The Gewürztraminer Grapes Guide That Finally Explains It All

Last Updated on August 1st, 2023

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Gewurz means “spice” in German if you haven’t already known. This grape has plenty of that, which is why it’s named Gewürztraminer. The Gewürztraminer grapes have a fascinating history to them that helps them produce the wine we know today.

Gewürztraminer is one of the first wines that come to mind with spicy dishes. Whether it be Indian or Chinese, the spices in the grape complement the aromatics in the food.

So are you curious about the grapes that make the fruity and spicy wine? Read on for the fascinating details about the grapes that make Gewürztraminer delicious. 

A bunch of grapes on a grape tree - Gewürztraminer Grapes Guide.

Ever Wondered About the Specifics of Gewürztraminer’s Grapes?

What makes Gewürztraminer’s grapes special? It’s not the regular red or white grapes that you can buy from the grocery store. Instead, these grapes have their flavors, such as spice, rose petals, and more. 

The grapes have pink skin when it’s time to harvest them. The grapes are used to create a deep golden wine that is called Gewürztraminer. Grow these grapes, and they need to be grown in a cool climate with daytime averages no higher than 80 degrees (26.7 C). 

For ideal growing conditions, the nighttime temps need to be between 45-55 degrees (7.2-12.8 C). The soil needs to be well-drained, and it needs average rainfall to ensure quality grapes are grown. 

The most popular growing regions for these grapes are in Alsace. However, in recent years, there have also been other regions in the world that grow these grapes today.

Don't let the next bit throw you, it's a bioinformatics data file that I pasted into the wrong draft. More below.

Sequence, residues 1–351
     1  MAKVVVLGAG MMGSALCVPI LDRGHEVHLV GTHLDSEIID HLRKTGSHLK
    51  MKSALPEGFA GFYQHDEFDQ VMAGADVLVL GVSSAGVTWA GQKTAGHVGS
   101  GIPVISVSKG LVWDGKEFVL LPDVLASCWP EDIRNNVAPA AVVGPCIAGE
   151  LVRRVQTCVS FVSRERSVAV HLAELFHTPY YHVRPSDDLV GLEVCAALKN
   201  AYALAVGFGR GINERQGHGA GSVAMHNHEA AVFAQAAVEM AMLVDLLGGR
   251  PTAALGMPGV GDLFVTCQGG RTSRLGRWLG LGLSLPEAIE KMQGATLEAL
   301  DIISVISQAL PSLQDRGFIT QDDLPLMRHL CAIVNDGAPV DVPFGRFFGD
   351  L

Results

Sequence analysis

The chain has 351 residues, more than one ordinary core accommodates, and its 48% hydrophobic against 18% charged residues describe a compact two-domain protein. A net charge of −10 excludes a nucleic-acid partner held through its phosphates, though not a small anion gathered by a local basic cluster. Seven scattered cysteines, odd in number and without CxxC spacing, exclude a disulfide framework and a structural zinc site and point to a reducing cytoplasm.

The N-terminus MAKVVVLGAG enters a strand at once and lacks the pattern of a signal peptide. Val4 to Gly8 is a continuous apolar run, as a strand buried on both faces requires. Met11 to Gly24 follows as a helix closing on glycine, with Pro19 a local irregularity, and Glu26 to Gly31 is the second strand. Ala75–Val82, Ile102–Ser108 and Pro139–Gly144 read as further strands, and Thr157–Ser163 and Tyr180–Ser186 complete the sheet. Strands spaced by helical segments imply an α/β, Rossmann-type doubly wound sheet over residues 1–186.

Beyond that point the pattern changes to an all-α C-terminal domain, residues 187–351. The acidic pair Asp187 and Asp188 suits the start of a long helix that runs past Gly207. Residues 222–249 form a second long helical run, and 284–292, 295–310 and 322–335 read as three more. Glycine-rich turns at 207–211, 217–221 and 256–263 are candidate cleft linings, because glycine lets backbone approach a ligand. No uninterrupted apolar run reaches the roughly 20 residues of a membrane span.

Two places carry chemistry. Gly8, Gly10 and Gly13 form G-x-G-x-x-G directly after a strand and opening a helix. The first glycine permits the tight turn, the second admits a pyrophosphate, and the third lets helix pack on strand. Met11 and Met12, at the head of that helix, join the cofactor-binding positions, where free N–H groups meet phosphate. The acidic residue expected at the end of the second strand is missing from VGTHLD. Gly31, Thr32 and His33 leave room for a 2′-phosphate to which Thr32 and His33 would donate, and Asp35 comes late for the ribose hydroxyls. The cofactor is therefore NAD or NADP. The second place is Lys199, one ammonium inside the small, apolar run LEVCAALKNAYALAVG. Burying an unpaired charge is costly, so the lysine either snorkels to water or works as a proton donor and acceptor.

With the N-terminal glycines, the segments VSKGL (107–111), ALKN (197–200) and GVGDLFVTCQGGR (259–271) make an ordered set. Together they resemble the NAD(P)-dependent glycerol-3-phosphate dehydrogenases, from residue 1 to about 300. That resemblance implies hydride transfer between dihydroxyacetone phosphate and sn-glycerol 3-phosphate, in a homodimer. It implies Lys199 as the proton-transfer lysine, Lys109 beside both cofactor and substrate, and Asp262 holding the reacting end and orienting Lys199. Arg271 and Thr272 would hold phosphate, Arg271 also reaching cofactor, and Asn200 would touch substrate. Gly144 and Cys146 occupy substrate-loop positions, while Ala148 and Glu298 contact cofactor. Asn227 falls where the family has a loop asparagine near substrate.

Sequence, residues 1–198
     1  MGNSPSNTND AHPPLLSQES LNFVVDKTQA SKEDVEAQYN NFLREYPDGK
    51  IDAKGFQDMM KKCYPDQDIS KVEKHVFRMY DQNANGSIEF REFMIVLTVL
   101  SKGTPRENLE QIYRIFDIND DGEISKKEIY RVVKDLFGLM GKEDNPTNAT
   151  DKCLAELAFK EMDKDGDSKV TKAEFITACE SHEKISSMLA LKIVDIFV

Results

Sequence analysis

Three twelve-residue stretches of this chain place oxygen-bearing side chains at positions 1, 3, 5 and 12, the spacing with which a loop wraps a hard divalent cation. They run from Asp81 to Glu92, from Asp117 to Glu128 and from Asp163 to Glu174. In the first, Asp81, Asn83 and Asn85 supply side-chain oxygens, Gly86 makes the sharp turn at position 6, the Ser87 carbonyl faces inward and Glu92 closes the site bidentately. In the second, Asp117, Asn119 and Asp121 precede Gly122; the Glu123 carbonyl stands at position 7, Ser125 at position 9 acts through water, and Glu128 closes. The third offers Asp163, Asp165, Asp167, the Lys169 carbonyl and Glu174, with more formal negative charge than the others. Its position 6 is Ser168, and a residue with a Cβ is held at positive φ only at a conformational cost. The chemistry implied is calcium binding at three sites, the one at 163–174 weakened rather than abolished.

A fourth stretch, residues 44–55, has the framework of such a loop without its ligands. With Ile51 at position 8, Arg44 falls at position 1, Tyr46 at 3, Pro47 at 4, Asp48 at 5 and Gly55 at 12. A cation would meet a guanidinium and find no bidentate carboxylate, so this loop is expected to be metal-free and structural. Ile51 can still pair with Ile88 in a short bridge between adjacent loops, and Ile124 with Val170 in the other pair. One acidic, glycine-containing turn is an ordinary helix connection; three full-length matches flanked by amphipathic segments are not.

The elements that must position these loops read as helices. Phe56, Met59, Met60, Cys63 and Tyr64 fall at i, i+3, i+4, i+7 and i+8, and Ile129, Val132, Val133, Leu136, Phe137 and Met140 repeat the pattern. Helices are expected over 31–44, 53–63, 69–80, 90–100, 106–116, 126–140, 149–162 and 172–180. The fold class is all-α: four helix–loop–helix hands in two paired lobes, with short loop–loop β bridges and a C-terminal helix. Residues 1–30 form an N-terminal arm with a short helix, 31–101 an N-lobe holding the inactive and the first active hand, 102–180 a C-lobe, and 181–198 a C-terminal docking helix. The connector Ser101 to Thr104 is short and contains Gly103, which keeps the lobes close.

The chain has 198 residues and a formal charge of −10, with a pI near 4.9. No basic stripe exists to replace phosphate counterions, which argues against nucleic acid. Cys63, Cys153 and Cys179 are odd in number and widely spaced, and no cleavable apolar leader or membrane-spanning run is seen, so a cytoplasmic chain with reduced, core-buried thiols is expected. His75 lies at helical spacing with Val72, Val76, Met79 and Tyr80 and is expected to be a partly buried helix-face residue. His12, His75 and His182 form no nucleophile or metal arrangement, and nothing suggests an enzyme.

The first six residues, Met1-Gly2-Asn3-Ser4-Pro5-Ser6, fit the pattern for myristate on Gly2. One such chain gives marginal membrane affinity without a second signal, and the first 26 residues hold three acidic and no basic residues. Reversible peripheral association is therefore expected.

What grapes are in Gewürztraminer wine?

The Gewürztraminer grape is a mutation of Savagnin that is from the Pinot family. Have you been wondering where it gets its pink tinge? 

This is because Pinot has mutated itself into various grapes, including Traminer. The Roter Traminer is thought to be mutated into the grape, giving it that pink color. 


Can you eat Gewürztraminer grapes?

Gewürztraminer grapes are edible, but they’re meant to be enjoyed as a wine. You won’t get the full flavor you’re expecting if you are eating it right off the vine. Remember, this is not a table grape, the ones that are eaten as a fruit. 

You will get some sweetness when you eat these grapes. But they will not taste like the Gewürztraminer that you know.


What are the parent grapes of Gewürztraminer?

Gewürztraminer parent grapes are:


  • Savagnin
  • Traminer


Those two grapes are the closest to Gewürztraminer’s creation. In addition, there has been a Traminer mutation, which resulted in Roter Traminer, which is a reddish grape that’s often used in roses. 

The exact parentage is still a mystery about the Gewürztraminer grape. But we know it has a variety of mutations. The two grapes that we’ve mentioned are the closest parentage that makes this grape. 


Interesting Facts About Gewürztraminer Grapes


  • Many have assumed that the grapes originated in Germany because of the name. The Gewürztraminer grapes originated in Trentino-Alto Adige in Northern Italy.
  • The word “Tramin” was a village in the Northeastern part of Italy, where most of the people still spoke German.
  • Alsace is in France and is one of the world’s largest Gewürztraminer wine producers.
  • Gewürztraminer grapes are grown successfully in cool climates. 
  • Gewürztraminer grapes bud early but ripen late.
  • The grape needs excellent soil to grow in. It prefers clay-rich soil.
  • The climate that the grape grows in needs hot summers for its late ripening.
  • New York, Washington, and California are the top places that grow Gewürztraminer grapes in the US. 
  • Gewürztraminer grapes are extremely hard to grow. Back in the day, Germans attempted to make it easier but failed.

Final Thoughts on Gewürztraminer Grapes 

Gewürztraminer grapes certainly have a fascinating history to them. They are one of the hardest grapes to grow in the world because they need exact conditions to produce quality fruit. 

But, while they are hard to grow, the grapes make delicious wine to be had with any meal or even alone.